I like the level of control that Topaz B/W effects gives, but I've heard that Google Silver Efex Pro 2 also is very good.

The only benefit of a monochrome sensor is a marginally (approx. 6% at most) higher resolution (with apochromatic lenses(!)), but that is dwarfed by the negative aspects (price, and especially loss of control).

Cheers,
Bart
« Last Edit: September 20, 2015, 07:25:22 am by BartvanderWolf »
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bokehcambodia

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Re: Which camera to choose for B&W digital?
« Reply #9 on: September 20, 2015, 07:54:39 am »

Cheers Bart,
that's very helpful insights!

Using the B&W Mix sliders in LR (what i currently use and as you said provides a nice see-what-you-get approach) the freedom to achieve a look/tonal separation is simple, instead the use of color filers on BW cameras a steep learning curve.

I was not aware that only apochromatic lenses would help for IQ improvements.

With this approach (color to BW) i see a polariser very helpful most of the time.

Rob C

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Re: Which camera to choose for B&W digital?
« Reply #10 on: September 20, 2015, 10:01:15 am »

As, in the end, we all seem to agree, here's something for those who enjoy trains:

https://www.youtube.com/watch?v=PAnKqdlPWDo

;-)

Rob C

eronald

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Re: Which camera to choose for B&W digital?
« Reply #11 on: September 20, 2015, 12:06:35 pm »

I have some nice Ilford and Trix X profiles, but I expect a donation. People who are interested can PM me.
The advantage of the profiles is they are one-click in Photoshop (or Preview, I guess).

Edmund
« Last Edit: September 20, 2015, 12:08:40 pm by eronald »
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armand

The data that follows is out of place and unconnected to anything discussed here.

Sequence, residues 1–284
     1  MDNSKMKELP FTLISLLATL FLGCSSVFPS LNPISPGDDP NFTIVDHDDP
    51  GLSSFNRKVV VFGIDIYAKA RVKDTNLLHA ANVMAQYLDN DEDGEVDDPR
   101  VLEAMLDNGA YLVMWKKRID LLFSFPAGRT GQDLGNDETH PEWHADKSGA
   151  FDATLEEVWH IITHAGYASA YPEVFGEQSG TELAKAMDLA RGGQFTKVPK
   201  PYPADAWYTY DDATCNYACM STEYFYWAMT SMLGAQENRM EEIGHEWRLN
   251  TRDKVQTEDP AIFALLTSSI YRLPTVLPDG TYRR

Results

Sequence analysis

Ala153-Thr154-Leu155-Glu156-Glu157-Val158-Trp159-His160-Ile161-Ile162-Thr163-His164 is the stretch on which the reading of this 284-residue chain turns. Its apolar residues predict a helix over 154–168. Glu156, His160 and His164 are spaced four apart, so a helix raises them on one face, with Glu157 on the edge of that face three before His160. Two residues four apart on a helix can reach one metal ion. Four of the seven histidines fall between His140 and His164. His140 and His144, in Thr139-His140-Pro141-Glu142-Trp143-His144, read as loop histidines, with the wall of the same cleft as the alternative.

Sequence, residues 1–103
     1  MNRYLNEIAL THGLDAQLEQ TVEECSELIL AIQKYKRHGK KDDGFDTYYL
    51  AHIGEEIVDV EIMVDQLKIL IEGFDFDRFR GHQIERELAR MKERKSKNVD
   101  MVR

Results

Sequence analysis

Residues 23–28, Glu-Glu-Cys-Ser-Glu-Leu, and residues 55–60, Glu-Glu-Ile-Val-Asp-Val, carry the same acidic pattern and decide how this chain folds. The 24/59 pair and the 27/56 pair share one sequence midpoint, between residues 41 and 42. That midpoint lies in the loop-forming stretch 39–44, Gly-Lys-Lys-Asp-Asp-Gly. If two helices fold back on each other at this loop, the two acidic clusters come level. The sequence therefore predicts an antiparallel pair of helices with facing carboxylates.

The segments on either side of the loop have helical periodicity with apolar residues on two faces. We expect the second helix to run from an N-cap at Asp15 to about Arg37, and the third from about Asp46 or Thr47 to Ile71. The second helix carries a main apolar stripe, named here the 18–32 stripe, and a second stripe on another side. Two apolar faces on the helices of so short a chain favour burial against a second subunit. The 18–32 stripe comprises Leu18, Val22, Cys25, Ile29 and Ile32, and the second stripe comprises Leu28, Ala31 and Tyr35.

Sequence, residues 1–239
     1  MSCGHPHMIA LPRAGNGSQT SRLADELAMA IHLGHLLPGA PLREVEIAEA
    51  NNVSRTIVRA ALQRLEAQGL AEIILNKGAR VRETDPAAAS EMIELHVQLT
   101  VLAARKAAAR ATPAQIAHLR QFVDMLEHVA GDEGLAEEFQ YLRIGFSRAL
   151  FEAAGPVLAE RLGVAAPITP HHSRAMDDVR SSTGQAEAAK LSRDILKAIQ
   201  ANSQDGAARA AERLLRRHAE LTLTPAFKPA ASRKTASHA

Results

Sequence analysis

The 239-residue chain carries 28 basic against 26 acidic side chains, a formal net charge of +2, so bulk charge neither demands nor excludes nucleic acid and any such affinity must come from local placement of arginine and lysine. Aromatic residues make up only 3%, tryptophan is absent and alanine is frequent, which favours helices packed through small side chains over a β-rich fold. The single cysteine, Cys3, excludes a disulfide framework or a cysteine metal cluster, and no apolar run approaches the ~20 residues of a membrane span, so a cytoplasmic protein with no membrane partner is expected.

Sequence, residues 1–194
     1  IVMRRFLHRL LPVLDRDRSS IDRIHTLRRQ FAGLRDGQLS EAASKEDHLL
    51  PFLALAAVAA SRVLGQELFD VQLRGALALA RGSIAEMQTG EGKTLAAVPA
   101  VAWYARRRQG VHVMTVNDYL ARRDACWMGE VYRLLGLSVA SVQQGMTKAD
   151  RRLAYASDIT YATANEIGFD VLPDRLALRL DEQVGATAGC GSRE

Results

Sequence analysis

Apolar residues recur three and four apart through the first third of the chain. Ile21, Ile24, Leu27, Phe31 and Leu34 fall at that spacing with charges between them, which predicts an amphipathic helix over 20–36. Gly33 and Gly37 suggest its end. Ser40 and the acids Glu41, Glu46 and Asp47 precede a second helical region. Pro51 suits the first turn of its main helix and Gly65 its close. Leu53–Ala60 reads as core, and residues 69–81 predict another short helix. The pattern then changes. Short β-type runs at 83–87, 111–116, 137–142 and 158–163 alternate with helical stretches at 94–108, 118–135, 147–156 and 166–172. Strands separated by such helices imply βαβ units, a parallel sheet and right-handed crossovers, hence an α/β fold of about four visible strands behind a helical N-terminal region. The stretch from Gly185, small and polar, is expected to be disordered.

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Re: Which camera to choose for B&W digital?
« Reply #12 on: September 20, 2015, 12:21:27 pm »

Despite its issues with color work X-Trans does quite well for b&w, no real complaints. You can find various combinations for those price limits.
Camera wise quality it's a wash and it's mostly a handling/extras difference. Lenses vary from good to great.

Bart_van_der_Wolf

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Re: Which camera to choose for B&W digital?
« Reply #13 on: September 20, 2015, 01:23:38 pm »

I was not aware that only apochromatic lenses would help for IQ improvements.

With monochromatic sensors, the Chromatic Aberrations (both longitudinal and lateral) are baked into the Luminance signal. With a color recording, one can (partially) restore the original signal by realigning or defringing the signal.

Cheers,
Bart
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jrp

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Re: Which camera to choose for B&W digital?
« Reply #14 on: September 20, 2015, 01:58:13 pm »

Just get an A7r II and convert the images to b&w and get results at least as good as the M246, according to Diglloyd.